As the seed buds, I often head to Pinterest to begin a mood board. There, I’ll create a section for each character I have so far (at this stage, it’s usually just the two main characters) and fill the board with any aesthetics that fit my story (transferred from my other boards, because I keep anything that might inspire me in a giant board titled Writing Inspo). One thing I find difficult about writing is visualising, so this helps me to solidify the idea I already have, while also bringing new ideas to the table — depending on how long I scroll for. At this point, I’ll probably also begin a playlist on Spotify in a similar way. All in the name of the Vibes!
After that, it’s time to start doing some actual work. We’ll open a word document and begin our outline. Mine usually starts by rounding out the characters and listing any plot points/scene ideas I already have in a very messy, incoherent way, usually transferred straight from my Notes app. If research is required, now would be a sensible time to begin it (but I, a child of chaos, usually Google things on the go just to make things more difficult). Fear not, though — now it is time to organise with a table!
This is the structure I use for romance writing, so it might not apply to everyone — however, I’ve found it useful even when diving into other genres! No matter how you decide to structure the story, you’ll most likely be planning in beats, which are just the different steps of the story, usually the most memorable and integral parts. You might not have all of them down yet, but now is the time to try to at least plan the general gist, even if it’s only the beginning, middle, and end. Where do your characters begin, where do they want to go and why, and how do they end up? What person/perspective and tense works best for the story? Of course, a lot of people go far beyond this. They know their character’s favourite meal or colour or shirt. They know how many freckles they have and where each scar is from. I envy these authors greatly, but I usually need to begin writing for the characters to tell me who they are — so it’s okay if things get a bit wonky and different once you start writing. Outlines are easy to change and no story should be set in concrete yet. Sometimes, I only really understand the book once I’ve finished a first draft — and sometimes not even then! Don’t see the outline as a fixed template. Let it guide you when you need guidance, but if you feel slightly restricted, don’t be afraid to stray far, far away from it too. Especially when looking at the “black moment”, don’t feel the need to incorporate some awful angst because the outline suggests you should. What it really means to me is just the turning point — the part where the stakes are highest, even if they’re still pretty low. It took me a while (and I’m still learning) to realise that I don’t have to throw in a random bit of conflict for the sake of what’s expected. A lot of people have differing ideas on how a romance story should be structured, but at the end of the day, if you’re adhering to expectations because you feel like you should, the story might end up feeling artificial and unnecessary. Challenge your characters when you need to: not when conventions tell you that you should. It’s your story before anyone else’s.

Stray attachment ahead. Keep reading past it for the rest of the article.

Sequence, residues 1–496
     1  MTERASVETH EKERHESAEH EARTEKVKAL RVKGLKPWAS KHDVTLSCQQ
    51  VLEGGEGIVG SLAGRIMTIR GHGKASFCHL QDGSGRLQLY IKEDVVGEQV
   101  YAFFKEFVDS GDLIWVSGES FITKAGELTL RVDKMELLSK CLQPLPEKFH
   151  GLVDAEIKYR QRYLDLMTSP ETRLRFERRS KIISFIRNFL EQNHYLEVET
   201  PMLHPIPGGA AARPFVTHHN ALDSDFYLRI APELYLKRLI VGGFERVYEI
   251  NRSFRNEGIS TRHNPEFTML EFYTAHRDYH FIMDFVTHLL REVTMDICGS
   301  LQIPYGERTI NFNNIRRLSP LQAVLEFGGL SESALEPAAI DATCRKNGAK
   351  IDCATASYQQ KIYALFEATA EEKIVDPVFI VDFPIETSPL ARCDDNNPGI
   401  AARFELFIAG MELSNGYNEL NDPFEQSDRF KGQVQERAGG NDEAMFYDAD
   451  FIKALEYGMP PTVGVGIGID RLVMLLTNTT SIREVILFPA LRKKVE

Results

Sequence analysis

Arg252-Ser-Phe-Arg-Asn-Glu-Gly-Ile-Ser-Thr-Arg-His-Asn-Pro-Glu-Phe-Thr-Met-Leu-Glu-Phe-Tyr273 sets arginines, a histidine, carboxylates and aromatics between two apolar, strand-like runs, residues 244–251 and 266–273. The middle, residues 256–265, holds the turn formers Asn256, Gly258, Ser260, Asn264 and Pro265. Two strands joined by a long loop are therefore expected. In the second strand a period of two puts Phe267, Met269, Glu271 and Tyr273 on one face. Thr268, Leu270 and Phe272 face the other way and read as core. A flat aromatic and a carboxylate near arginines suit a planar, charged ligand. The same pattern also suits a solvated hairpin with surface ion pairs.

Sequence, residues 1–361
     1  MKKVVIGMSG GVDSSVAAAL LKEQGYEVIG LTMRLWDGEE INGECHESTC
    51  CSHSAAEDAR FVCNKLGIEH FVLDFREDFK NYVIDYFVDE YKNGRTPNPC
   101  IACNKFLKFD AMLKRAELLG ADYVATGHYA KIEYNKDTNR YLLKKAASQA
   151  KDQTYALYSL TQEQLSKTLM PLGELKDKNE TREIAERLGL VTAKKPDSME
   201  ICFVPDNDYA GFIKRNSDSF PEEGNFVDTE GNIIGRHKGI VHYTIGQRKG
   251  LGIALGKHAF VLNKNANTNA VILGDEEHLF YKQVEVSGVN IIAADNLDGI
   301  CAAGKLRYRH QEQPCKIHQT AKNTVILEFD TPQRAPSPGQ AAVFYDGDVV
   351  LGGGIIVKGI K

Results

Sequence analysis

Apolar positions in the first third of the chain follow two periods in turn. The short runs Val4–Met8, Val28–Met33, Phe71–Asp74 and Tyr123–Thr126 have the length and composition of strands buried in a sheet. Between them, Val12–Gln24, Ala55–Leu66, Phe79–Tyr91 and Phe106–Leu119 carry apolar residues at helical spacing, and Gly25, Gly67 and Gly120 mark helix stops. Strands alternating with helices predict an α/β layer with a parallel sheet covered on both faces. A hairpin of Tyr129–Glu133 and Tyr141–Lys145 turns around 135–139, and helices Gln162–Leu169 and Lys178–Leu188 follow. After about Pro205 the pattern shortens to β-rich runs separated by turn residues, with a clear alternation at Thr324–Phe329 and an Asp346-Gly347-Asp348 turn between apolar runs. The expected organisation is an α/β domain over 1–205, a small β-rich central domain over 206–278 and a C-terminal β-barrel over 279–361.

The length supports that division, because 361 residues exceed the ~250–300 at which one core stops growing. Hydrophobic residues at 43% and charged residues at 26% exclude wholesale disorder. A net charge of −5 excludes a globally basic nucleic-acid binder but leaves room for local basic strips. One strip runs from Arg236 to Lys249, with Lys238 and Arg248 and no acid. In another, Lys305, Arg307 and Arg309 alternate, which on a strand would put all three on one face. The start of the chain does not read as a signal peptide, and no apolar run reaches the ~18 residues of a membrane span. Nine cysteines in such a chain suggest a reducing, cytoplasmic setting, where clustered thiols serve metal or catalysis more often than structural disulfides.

If all this sounds a bit overwhelming (it is for my little neurodivergent brain, that’s for sure!), you might prefer to jot the outline down in a shiny new notebook or some pretty sticky notes — and you can get those in apps, too! Sometimes, you have to make writing a bit fun with cute stationery and you deserve to! Glittery gel pens at the ready! There are some useful programmes out there, too; I usually head to Trello just to make a planning board that’s easier to come back to, and you can also add images and such. Keep searching until you find what works for you!
Step 2: Writing, I Guess?
If you’ve gotten this far, it means you’ve done the hard bit and you’re ready to begin your manuscript… probably. It’s incredibly daunting to stare at a blank document, so you might want to consult my NaNoWriMo tips for ways to make writing feel a bit less like work and more like fun (in short: playlists, candles, and treats). Make no mistake, though. Staring at the bright, empty screen and losing all hope while you try to conjure a knock-out opening line is part of the process, so don’t be too worried if you have to do this for a little while. Or a long while. Or forever…
My advice is to write whatever comes first. If it’s a scene halfway through the book, just get it down, even if you may have to change it later. Not everybody works chronologically (although I would probably have a meltdown if I didn’t — neurodivergent brain at it again) and it’s okay if all you do is get it all down roughly and… well, badly. Don’t get too hung up on typos or errors or rereading and re-editing. I am ordering you to write the draft, however it looks. You can have a breakdown about it after.
And you probably will. I certainly have. Sometimes, things just don’t work, and you might quickly realise that you’ve started all wrong. That’s okay! Start again! Just remember to keep your previous drafts, because you never know if you need to go back to them. Take breaks when you need to and perhaps think about finding somebody to bounce ideas off (AKA cry and complain to) in this stage, because it might be the toughest yet. Family, friends, or critique partners are great for this, and a less invested brain might be able to solve a problem you’ve been stuck on.